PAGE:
Pete Docter Talks Up

(Taken from Suite101.com, written by the journalist Dominic von Riedemann. All the following material is copyrighted and belongs exclusively to Riedemann and its original publisher site, Suite101.com. No intends to infringe the copyrights, but with the only purpose to informe).

While Pete Docter and Bob Peterson haven’t experienced the runaway success that their Pixar comrades John Lasseter (Toy Story), Brad Bird (The Incredibles, Ratatouille) and Andrew Stanton (Finding Nemo, WALL-E) have enjoyed, the duo developed A Bug’s Life and Monsters Inc., two very solid additions to the Pixar canon of CGI animated films.

Docter and Peterson have now returned with their 2009 film, Up. Starring the voices of Ed Asner (Lou Grant), Christopher Plummer (The Sound of Music), John Ratzenberger (every Pixar movie to date) and newcomer Jordan Nagai, the movie is a “coming of old age” film that revolves around a 78-year-old man named Carl Fredericksen, who takes a balloon trip along with an 8-year-old Boy Scout named Russell.

Ed Asner, Christopher Plummer Star in Up

“Carl used to be a balloon salesman,” co-writer/co-director Pete Docter explained to MTV, “and so when the outside world is going to take his house, he ties all his surplus balloons, fills them with helium, and floats his entire house up into the sky off to South America — that’s the image of the film . . . It kind of defies description, because it’s moving, it’s emotional, it’s active, but it’s weirdly poetic and doesn’t make a lot of logical sense. And yet it’s really the cornerstone of the film.”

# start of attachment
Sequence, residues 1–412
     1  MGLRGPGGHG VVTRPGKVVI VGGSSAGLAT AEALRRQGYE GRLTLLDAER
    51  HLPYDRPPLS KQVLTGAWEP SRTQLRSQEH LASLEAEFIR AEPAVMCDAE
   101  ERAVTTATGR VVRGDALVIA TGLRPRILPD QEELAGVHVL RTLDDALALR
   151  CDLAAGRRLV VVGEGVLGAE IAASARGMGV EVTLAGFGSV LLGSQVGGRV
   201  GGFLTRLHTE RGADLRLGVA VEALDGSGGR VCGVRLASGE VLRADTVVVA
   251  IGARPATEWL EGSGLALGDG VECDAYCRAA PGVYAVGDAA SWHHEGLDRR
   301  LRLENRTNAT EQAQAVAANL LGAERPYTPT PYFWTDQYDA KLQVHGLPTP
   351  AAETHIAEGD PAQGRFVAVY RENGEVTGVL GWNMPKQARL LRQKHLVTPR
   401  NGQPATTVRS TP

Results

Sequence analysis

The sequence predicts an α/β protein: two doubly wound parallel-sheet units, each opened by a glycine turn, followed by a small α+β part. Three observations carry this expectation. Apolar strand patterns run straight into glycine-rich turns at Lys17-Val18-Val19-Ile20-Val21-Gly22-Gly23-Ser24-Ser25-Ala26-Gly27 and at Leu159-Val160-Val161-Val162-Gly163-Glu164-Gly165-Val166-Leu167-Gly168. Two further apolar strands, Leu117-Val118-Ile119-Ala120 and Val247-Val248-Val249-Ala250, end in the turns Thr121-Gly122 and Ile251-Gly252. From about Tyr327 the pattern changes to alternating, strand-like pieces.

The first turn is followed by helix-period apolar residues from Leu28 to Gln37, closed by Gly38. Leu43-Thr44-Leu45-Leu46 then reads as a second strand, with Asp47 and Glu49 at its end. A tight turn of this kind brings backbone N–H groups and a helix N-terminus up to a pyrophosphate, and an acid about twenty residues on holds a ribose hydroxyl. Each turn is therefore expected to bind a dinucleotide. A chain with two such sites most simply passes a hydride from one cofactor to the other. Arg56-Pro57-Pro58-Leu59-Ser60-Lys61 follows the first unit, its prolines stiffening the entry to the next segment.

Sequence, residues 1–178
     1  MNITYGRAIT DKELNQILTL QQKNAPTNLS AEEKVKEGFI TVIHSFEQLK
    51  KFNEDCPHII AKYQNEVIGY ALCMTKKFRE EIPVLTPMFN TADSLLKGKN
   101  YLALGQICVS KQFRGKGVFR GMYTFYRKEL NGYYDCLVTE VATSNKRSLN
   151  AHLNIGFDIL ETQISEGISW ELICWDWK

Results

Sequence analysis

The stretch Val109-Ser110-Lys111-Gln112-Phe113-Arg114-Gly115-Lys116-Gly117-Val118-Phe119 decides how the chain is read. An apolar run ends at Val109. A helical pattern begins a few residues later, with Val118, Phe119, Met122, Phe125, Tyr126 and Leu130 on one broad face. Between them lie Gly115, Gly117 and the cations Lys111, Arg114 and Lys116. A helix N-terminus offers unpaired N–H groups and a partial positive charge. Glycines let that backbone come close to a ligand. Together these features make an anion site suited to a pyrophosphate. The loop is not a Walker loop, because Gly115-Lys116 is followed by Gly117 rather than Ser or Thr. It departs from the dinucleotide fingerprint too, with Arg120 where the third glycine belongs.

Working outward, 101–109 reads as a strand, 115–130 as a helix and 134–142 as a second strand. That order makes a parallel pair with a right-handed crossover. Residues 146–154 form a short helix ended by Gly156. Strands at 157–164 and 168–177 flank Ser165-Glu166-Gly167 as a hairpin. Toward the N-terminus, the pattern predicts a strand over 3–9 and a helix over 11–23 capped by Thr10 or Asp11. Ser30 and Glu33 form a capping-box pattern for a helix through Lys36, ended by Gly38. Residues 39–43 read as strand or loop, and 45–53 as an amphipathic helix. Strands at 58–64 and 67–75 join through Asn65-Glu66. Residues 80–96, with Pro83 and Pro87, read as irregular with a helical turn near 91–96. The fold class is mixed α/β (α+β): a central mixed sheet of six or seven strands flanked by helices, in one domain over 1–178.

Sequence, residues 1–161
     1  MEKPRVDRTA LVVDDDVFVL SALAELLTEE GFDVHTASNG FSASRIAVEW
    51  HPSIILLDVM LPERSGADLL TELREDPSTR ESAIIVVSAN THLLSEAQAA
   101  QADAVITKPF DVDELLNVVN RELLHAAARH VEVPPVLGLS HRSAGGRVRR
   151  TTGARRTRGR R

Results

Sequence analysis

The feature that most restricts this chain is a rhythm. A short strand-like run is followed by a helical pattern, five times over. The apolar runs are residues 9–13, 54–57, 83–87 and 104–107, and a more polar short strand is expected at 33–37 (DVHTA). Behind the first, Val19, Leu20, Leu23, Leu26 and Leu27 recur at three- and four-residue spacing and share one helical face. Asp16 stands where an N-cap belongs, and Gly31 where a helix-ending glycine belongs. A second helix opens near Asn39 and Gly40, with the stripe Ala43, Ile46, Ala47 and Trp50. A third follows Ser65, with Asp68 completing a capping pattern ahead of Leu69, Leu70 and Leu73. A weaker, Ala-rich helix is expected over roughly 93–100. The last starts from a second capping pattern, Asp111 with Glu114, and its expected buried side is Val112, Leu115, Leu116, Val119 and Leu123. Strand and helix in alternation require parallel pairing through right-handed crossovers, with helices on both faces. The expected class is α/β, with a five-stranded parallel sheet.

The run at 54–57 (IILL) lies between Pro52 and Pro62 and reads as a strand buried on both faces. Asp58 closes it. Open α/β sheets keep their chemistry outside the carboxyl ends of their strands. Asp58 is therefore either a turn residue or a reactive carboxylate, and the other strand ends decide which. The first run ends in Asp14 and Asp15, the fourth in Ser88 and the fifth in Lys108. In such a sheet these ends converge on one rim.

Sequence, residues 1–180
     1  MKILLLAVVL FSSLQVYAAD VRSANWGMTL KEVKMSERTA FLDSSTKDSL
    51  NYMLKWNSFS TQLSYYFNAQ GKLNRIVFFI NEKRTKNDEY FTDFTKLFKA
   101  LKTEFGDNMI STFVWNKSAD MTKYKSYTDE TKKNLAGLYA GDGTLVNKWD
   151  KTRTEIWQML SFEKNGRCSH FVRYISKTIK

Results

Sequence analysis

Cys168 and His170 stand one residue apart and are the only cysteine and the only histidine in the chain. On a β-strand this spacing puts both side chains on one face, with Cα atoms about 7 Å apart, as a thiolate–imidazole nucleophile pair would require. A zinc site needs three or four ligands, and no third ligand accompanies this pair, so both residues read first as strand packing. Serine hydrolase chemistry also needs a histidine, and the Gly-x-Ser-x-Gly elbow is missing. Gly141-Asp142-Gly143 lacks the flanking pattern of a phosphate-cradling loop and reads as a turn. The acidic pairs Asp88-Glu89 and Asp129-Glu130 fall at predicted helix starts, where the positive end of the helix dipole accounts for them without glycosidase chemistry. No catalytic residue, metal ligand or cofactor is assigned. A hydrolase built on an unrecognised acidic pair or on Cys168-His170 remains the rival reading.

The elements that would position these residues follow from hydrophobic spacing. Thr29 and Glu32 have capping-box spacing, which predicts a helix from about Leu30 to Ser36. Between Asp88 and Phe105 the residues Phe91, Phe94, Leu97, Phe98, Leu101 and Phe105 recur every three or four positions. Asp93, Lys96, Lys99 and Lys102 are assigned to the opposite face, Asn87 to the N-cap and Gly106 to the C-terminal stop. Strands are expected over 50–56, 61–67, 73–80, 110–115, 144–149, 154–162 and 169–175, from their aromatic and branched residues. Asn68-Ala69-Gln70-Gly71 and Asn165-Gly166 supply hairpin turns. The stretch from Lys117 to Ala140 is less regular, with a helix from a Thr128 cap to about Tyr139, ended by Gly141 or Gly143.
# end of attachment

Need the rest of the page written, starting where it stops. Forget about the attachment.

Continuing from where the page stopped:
Apparently, it’s all part of a promise Fredericksen (Asner) made to his deceased wife, who always wanted to see the mountains of South America, but never got the chance. Russell (Nagai), the Boy Scout, stowed away in the house because he wanted to earn his “Helping the Elderly” merit badge. During the course of the film, the pair battle monsters and villains, culminating in a confrontation against the evil mastermind voiced by Plummer.

“We’ve described it as a ‘coming of old age’ story,” Docter continues. “It’s really like an unfinished love story, is kind of the way we’re talking about it. This wonderful romance this guy had with his wife and she passes away and it’s the unfinished business of dealing with that. The little kid (also has things he) needs to deal with . . . and so the two of them end up really needing each other and helping to finish each other’s business.”

Up Goes 3-D

Much like DreamWorks Animation, Disney/Pixar will make Up their first animated movie presented in stereoscopic 3-D. Unlike DreamWorks, which has committed to making all their movies in 3-D from the ground up, Pixar will develop Up for standard movie houses, and then reprocess the film in 3-D.

“There’s a whole other separate team that’s following along that’s doing the stereo version. We’re going to educate each other on what’s the best way to do the 3-D thing,” Docter says. “So far, the difference is this. (puts his hand over his eye). If you close one eye, you’re going to see what you’d see in another film.”

Up comes out May 29, 2009.

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